You ask “Are you asleep? Or are you willing to keep watch with me some night, to gaze up at the moon and listen, to wear your feather hat band and billowy skirt,  but keep your feet bare.  Run out to the dew laden grasses, cast down your sparkling shawl and lie gazing up at heaven.  You will hear the moonbeam concert and never be the same.”

The Muse Groups’ lesson this weekend was “decalcomanie”, the texturing technique using thick gesso pressed between two paper surfaces, then pulled apart to create ridges which resemble patterns of coral or sometimes bird wings!  Here you see it used in collage pieces cut from a larger piece, along with some rubber stamp patterns, lace, feathers, ink drawing and walnut ink spray in two shades.

We also conjured up the Dangerous Old Woman archetype, borrowed from Clarissa Pinkola Estes’ wonderful audio book of the same name. The D. O.W. is the one who protects that spark of goodness in us.  Danger is meant here in its old form meaning “you stand in my danger” or under my protection.  She is the champion of our eccentricity because it points to the gifts of originality we have to offer.  It’s not particularly comfortable to be with her though, because she is wild, unpredictable, and full of paradox.  Her teaching is that “normalcy is the enemy of giftedness” and we must be willing to horrify the few in order to inspire the many.  A tall order, but what else can we do on this path of art?

In the Zone

Inks, gesso, collage (clear contact paper masking) on w/c paper, 10 X 11″

he’s jammin’
spiraling out behind
glasses where there’s
no need to hide

he’s groovin’ back into those animal places
wild and mindless
where the moves are in the DNA
in the sharp scent on the wind
and the air stripes the senses
with the impact of colors brightly spiced

they feel their way through spaces
through time zones
through time
in the zone

Here’s where imagination comes in big time.  I mean you won’t see me doing the high jump and there’s no electric guitar in my future, but I think I know something about “the Zone”.  So when those colors started vibrating, I could relate. . . This was another Muse Group demo of the “mask and drip” lesson, which you can read more about and try for yourself in the Oct. Newsletter.

And if you want to try out some “in the Zone” painting like this, you can join me in the next workshop “Painting With Hands” Nov. 17, 18.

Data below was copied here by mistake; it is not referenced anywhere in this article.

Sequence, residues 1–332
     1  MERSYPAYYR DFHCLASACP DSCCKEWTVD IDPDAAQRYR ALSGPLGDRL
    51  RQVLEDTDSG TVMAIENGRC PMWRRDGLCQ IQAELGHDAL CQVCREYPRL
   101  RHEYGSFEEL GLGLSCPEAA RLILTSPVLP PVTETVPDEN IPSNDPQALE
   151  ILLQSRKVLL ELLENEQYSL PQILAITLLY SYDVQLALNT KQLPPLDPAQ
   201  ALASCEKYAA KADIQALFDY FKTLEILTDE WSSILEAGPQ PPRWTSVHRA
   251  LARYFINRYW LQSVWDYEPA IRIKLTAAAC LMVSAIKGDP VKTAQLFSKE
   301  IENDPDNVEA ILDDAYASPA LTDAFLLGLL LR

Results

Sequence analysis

inks on crinkled masa paper with masa collage mounted on w/c paper, 10X12″

flying feathers round the fire
a summer’s dance by the bay
where windsurfers jibe and tack
sky splashes into ocean
as waters accept colors from above

the hopi pipes and rattles on
about heaven and earth
blending all that is below with all above

do we need another horizon line
to tie it all down
or shall we float off into an alternate scape

an es-cape
an es-capade?

Wet the Masa paper with water.  Crinkle it up into a ball to break the sizing.  Spread it out and paint on it with watercolor, inks, fluid acrylics.  Sumi ink is good.  Use your pen nibs.  Let it bleed into the fibers of the paper.  Drag your flattened brush over the surface of the wrinkles so it skips and leaves spots of white.  What could be more fun?!  Finally mount it on a sturdy surface like watercolor paper, illustration board or canvas.

Now let it talk to you.

I am tough.

powdered graphite, acrylic inks, collage on w/c paper, 10 X 11″

i am tough
i can handle this
confused cocktail
of wild creatures
insanity on a timer

click clock, tick tock
what is the absolute
you can always count on?

click clock, tick tock
wish upon a star
and there you are

sweet bananas and
a friend to enjoy them with

back in the tumbler
what emerges next?
an absolute rock of ages

More powdered graphite play here, along with some word play.  Cut some words out of magazine ads. . .just because. . .tumble them up and insert them into the picture for no reason you could honestly defend at the moment. . .when you’re done, string the words with others and see what comes of it!  Meaning? Absurdity? no more than every day life. . .

So do I really think I’m tough?   Well, tough enough to still be here!